When the PlayStation 4 hits the market later this year, customers shouldn’t expect to take out a second job to afford the console, Sony Worldwide Studios VP Michael Denny tells Edge. No, Ken Kutaragi’s infamous comment, which referred to the PS3’s $599 initial 2006 launch price, won’t apply to Sony’s newest console.
“We want a system that can reach as broad a gaming audience as possible but whilst being a system that’s deep, connected, rich and immersive and is going to give a very focused and differentiated experience than anything else that’s out there,” Denny says.
In other words – Sony wants a system the average gamer will actually be able to afford. Denny also noted that Sony takes lessons from each console they launch, which includes the PS3: “we have to be informed by what the strengths of our [PS3] system have been, but also the challenges of that,” he said.
So far, Sony’s presentation of the PS4 – which has been limited, granted – seems to bear that out. Aside from pricing, the PS3 was also criticized for being tough to develop for, especially for cross-platform titles; in Sony’s initial PS4 presser, the company stressed that the system’s PC-like architecture makes it much easier to develop for than the PS3. “Learning from past mistakes” seems to be the name of the game this time around.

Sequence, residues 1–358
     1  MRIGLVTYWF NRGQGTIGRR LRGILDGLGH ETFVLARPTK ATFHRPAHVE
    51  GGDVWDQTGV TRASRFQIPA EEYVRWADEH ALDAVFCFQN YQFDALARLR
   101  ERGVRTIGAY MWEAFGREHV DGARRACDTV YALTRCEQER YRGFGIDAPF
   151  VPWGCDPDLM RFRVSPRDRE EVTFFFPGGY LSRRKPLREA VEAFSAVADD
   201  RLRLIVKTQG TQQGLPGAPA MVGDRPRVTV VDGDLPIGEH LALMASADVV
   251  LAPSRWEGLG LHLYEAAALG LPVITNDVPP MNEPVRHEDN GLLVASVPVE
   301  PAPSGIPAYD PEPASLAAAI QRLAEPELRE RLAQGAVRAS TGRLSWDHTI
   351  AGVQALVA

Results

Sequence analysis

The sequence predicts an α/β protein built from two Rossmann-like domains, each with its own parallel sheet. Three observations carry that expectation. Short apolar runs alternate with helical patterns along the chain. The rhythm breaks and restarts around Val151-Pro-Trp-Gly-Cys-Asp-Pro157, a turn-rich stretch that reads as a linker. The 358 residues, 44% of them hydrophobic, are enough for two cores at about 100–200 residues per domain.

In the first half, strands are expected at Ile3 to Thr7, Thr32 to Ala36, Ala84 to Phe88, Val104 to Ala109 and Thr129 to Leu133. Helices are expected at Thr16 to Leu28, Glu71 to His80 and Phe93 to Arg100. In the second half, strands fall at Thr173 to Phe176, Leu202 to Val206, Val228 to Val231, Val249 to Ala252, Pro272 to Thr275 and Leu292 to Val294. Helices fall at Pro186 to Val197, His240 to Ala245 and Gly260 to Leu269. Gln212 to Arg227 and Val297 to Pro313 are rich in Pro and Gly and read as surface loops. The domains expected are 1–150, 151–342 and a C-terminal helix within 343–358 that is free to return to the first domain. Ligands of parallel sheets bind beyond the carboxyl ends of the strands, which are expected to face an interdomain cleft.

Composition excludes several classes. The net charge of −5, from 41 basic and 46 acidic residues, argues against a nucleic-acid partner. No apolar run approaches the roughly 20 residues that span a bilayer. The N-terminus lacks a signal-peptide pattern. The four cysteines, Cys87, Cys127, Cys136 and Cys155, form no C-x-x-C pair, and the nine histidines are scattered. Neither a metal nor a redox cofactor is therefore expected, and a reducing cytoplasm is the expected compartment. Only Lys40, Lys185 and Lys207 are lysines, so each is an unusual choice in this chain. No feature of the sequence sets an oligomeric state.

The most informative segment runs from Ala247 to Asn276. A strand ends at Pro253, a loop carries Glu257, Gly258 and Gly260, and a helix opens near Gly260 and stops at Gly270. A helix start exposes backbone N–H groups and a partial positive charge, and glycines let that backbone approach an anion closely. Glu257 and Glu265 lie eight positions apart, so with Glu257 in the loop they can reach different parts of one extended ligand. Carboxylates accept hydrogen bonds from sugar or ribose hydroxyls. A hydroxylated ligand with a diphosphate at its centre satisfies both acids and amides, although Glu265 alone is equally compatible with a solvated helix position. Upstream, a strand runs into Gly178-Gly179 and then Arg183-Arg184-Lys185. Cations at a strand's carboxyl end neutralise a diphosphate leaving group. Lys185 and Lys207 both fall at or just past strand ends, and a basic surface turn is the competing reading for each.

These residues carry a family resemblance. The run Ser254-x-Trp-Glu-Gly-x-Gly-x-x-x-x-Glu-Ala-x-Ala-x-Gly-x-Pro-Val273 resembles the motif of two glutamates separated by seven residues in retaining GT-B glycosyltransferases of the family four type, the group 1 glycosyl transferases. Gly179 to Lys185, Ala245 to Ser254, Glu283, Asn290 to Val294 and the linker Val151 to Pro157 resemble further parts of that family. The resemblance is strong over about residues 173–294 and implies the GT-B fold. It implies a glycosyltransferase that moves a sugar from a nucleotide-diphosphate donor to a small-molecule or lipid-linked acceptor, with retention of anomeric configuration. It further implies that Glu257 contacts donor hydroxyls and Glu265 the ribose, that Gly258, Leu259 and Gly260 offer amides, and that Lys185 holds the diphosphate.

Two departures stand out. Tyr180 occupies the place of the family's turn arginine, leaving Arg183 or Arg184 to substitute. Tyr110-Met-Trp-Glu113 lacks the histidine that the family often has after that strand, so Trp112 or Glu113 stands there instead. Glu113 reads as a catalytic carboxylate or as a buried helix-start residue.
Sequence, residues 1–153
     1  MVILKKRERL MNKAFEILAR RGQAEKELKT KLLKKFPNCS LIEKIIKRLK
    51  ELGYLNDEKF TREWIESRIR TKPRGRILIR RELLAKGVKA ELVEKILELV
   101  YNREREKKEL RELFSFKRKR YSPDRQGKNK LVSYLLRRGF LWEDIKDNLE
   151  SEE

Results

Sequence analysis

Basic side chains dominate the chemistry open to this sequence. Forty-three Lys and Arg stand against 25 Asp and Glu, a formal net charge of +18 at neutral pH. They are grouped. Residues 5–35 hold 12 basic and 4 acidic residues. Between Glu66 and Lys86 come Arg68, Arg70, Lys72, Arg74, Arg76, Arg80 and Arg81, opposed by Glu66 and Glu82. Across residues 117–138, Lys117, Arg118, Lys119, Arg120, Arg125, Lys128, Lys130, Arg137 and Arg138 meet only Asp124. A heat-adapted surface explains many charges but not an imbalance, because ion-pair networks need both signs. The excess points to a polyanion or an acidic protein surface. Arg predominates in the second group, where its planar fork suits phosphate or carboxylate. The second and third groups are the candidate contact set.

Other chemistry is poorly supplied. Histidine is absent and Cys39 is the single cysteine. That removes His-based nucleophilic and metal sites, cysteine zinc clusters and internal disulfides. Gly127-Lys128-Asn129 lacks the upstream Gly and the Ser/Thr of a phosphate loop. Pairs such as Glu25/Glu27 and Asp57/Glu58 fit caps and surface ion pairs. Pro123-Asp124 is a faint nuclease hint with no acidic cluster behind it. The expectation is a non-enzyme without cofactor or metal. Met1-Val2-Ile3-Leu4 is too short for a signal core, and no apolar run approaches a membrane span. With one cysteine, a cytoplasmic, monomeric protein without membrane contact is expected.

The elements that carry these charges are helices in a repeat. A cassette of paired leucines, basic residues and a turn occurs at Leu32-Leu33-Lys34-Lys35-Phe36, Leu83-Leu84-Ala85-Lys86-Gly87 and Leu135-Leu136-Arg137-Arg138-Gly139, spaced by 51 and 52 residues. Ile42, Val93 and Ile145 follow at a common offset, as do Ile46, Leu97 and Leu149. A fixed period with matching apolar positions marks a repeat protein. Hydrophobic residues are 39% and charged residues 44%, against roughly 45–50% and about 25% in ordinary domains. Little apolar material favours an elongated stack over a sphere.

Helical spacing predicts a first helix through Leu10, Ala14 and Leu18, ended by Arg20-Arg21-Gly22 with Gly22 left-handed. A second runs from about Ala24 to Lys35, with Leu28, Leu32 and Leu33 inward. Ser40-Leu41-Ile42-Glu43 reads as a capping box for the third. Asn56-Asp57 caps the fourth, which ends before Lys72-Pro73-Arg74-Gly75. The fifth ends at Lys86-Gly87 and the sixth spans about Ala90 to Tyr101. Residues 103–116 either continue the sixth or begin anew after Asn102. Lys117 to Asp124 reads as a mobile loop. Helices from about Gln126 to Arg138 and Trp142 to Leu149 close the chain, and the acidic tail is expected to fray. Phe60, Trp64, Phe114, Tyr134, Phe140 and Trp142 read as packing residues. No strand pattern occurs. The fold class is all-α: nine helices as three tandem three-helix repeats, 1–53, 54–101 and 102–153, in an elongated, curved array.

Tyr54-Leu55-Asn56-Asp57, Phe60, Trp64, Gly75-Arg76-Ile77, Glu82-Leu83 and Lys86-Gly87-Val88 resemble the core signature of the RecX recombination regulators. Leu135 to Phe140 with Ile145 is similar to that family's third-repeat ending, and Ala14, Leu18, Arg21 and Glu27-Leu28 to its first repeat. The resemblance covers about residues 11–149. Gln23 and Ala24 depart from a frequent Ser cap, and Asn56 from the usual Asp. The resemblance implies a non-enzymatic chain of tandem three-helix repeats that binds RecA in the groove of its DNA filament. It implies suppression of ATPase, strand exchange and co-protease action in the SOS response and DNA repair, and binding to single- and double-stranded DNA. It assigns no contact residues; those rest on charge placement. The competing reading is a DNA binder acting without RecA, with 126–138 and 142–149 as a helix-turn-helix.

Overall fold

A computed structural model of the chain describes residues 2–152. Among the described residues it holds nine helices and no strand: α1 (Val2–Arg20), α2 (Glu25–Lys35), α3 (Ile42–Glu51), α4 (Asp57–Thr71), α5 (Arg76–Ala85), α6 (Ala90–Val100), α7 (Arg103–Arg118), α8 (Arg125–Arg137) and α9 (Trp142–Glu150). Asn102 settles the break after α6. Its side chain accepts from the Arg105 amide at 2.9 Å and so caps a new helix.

Still, Denny was coy with specifics, despite his comments. He notes that there’s plenty of time to reveal specific pricing down the line and that this announcement phase is “just to explain the vision to everybody.” That vision is for the PS4 to “absolutely focus” on gamers – “and we want that to be gamers in the broadest sense as well,” Denny says. “I think to some extent you can draw your own conclusions.”
When Sony will announce the actual pricing for the PS4 is up for debate, but smart money suggests E3 in mid-June.
How do Denny’s comments sit with you? Are you leaning toward picking up a PS4 when it hits this year? Let us know in the comments.